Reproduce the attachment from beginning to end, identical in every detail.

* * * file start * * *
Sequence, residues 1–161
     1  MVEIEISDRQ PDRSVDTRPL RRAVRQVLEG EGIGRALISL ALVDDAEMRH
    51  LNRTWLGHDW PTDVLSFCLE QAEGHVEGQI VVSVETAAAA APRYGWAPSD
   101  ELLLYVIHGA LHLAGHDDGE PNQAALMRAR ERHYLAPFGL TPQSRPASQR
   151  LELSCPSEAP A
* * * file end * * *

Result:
Sequence, residues 1–161
     1  MVEIEISDRQ PDRSVDTRPL RRAVRQVLEG EGIGRALISL ALVDDAEMRH
    51  LNRTWLGHDW PTDVLSFCLE QAEGHVEGQI VVSVETAAAA APRYGWAPSD
   101  ELLLYVIHGA LHLAGHDDGE PNQAALMRAR ERHYLAPFGL TPQSRPASQR
   151  LELSCPSEAP A